The Duke of Sussex has joined young leaders from around the world to launch the Global Child Online Safety Toolkit based on work carried out by University of East London’s Professor Julia Davidson OBE and the 5Rights Foundation.
The original research – for the Rwanda policy toolkit – was developed by Professor Davidson of the UEL’s Institute for Connected Communities (ICC) in Rwanda in 2019 with the 5Rights Foundation, an NGO dedicated to putting children’s rights at the heart of digital design.
The toolkit was launched last week to give global policymakers a roadmap towards building a safe and supportive online world for children.
Professor Davidson said, “It is great news that our research is being used to influence child online protection policy around the world and to guide practitioners in helping make the digital world safer for children globally. The 10 key policy action areas can be applied to any country to make the online world free from harm to children.
“We are thrilled Prince Harry has endorsed the kit, as well as the United Nations.”
During the launch, the Duke praised the “ground-breaking work” in creating the toolkit and called for a safer digital world for young people.
He said he hoped his children would “never experience the online world as it exists now” and criticised social media companies for making “unimaginable money” from commercialising users’ attention.
Prince Harry said the world needed new digital laws to protect children, such as those being introduced in California, the EU and the UK. Professor Davidson has played a key part in research for the UK’s Online Safety Bill requiring companies such as Facebook to protect children and adults from harmful online content.
The Prince said, “We need new laws. We need public pressure. We need strong leadership.”
Nick Martlew, executive director, 5Rights Foundation, said, “The fantastic young leaders who helped launch the Child Online Safety Toolkit all agreed: they want to enjoy the enormous benefits of the digital world without having to take risks that society would never tolerate offline. The toolkit is a comprehensive how-to guide for governments to make this a reality and respond to their obligation to keep children safe online.”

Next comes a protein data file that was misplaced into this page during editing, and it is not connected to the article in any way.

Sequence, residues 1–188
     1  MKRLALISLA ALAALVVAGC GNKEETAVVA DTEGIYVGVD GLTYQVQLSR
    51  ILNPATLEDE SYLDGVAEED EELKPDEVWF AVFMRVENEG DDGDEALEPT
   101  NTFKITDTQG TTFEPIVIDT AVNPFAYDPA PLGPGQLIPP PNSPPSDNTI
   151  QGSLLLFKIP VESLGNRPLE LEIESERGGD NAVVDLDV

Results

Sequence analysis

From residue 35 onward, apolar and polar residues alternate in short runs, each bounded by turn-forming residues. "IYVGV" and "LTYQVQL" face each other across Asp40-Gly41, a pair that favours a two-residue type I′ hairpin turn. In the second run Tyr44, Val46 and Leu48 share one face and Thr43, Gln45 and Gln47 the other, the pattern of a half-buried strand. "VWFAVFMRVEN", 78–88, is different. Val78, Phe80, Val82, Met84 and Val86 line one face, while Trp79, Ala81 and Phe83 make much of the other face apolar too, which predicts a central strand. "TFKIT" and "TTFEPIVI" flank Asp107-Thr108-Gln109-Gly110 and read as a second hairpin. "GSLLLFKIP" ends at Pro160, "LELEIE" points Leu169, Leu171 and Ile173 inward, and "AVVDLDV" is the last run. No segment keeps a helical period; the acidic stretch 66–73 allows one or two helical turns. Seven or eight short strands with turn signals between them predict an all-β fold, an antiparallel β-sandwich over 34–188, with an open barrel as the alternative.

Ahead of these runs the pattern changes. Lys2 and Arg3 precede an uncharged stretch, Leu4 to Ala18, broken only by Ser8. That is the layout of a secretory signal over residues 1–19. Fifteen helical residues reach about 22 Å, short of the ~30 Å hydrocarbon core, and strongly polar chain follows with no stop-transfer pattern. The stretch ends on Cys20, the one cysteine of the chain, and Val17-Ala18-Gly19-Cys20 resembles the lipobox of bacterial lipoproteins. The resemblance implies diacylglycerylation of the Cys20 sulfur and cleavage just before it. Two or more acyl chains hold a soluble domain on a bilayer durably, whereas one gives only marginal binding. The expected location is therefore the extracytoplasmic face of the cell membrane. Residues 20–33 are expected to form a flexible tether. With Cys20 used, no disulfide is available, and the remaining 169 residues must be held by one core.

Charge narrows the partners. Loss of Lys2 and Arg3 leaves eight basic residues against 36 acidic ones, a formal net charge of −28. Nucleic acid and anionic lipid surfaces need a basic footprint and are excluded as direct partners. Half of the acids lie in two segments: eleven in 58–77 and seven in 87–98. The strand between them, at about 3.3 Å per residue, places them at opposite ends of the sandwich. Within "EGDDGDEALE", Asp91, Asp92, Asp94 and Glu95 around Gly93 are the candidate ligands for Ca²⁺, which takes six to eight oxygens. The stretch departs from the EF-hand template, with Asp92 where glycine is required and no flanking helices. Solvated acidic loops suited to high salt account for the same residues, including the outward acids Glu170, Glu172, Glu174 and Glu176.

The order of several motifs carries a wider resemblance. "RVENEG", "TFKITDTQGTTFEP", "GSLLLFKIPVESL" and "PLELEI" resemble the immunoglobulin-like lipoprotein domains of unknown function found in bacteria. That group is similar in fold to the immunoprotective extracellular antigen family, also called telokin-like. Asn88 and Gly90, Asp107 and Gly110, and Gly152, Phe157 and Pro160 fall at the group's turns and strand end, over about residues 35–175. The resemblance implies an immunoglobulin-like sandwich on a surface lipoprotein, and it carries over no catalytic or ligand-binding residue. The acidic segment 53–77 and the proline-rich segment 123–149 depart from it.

Also present at the online launch were representatives from the United Nations, the African Union and the European Union as well as young people between the ages of 13 and 21, from countries including South Africa, UK, Canada and Malaysia.
Professor Davidson has led research addressing major social issues and has driven, influenced and improved national and international policy, industry, and practice in the area of online harms.
This research led to development of a child online protection policy and five-year implementation plan in Rwanda following extensive research and analysis in collaboration with Baroness Beeban Kidron of the 5Rights Foundation. Professor Davidson helped deliver training following implementation of the plan.
The child online protection policy and plan were adopted in 2019 by the Rwandan government across key areas including health, criminal justice, education, industry, civil society and in the community. A national awareness raising campaign was rolled out through community networks and schools in 2019.